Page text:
Today, the FBI’s Internet Crime Complaint Center (IC3) is embarking on a campaign to increase awareness of the IC3 as a reliable and convenient reporting mechanism to submit information on suspected Internet-facilitated criminal activity to the FBI. As part of the campaign, digital billboards featuring the IC3’s contact information are being placed within the territories of a number of Bureau field offices around the country.
While the number of complaints being reported to the IC3 did increase in 2015 from the previous year, anecdotal evidence strongly suggests that there are many other instances of actual or suspected online frauds that are not being reported, perhaps because victims didn’t know about the IC3, were embarrassed that they fell victim to a scammer, or thought filing a complaint wouldn’t make a difference. But the bottom line is, the more complaints we receive, the more effective we can be in helping law enforcement gain a more accurate picture of the extent and nature of Internet-facilitated crimes—and in raising public awareness of these crimes.
The FBI field offices taking part in the billboard campaign include Albany, Buffalo, Kansas City, Knoxville, New Orleans, New York City, Phoenix, Oklahoma City, Salt Lake City, and San Diego. They were selected because they house multi-agency cyber task forces that participate in an IC3 initiative called Operation Wellspring. This initiative connects state and local law enforcement with federal cyber resources and helps them build their own cyber investigative capabilities, which is important because not all Internet fraud schemes rise to the level necessary to prosecute them federally. We hope to expand Operation Wellspring to other FBI offices in the future.
Through the Wellspring initiative, IC3 personnel—using the complaint database and their analytical capabilities—create intelligence packages focused on particular geographic regions. These packages can highlight trends, identify individuals and criminal enterprises based on commonalities in complaints, link different methods of operations back to the same organization, and detect various layers of criminal activities. The packages also contain results of preliminary investigative research performed by IC3 analysts, including criminal records checks.
Once complete, these intelligence packages go to the appropriate FBI cyber task force and are then handed off to state and local task force members trained to investigate these kinds of crimes.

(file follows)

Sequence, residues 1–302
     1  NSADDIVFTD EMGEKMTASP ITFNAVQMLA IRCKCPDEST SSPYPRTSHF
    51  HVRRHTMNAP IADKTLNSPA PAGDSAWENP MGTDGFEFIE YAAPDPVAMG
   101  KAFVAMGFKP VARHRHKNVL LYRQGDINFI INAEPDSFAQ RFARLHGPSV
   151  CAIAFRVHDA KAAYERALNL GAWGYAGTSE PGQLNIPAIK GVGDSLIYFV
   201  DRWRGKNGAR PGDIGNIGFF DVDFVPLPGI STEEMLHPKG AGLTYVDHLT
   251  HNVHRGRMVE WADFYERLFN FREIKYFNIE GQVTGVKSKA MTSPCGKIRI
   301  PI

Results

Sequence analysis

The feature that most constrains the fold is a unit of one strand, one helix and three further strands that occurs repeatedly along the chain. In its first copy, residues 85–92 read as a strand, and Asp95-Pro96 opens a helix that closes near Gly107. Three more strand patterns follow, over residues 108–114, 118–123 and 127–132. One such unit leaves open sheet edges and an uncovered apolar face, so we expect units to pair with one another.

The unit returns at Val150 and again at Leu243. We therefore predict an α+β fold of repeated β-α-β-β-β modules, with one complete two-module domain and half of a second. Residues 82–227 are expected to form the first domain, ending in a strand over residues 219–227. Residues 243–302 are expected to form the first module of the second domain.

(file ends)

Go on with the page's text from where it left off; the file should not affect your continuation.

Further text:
Beyond Operation Wellspring, the IC3:
- Forms alliances with industry representatives (online retailers, financial institutions, Internet service providers, etc.) that have increased the flow of the IC3’s most valuable commodity—information.
- Makes its complaint database available to all sworn law enforcement (and FBI personnel) through the Bureau’s secure Law Enforcement Enterprise Portal. Accessing the database, users can get information on victims and financial losses within their particular area of jurisdiction to help build cases. Authorized users can also run a variety of statistical reports for themselves and can contact the IC3 for additional analytical assistance.
- Publishes an annual report highlighting the numbers and common types of complaints, along with emerging trends. The most recent 2015 Internet Crime Report described the three major fraud types reported to the IC3 last year—business e-mail compromise, e-mail account compromise, and ransomware.
- Produces periodic public service announcements to alert consumers about the latest and/or emerging cyber crimes and provide tips on how to recognize them. Recent announcements covered tech support scams, stolen identity refund fraud, and the continuing threat from business e-mail compromise schemes.
Explains IC3 Unit Chief Donna Gregory, “IC3 is often the first piece of the investigative puzzle. We receive victim complaints and then analyze, aggregate, and exploit those complaints to provide law enforcement with comprehensive reports that can be used to open new investigations or enhance existing ones.”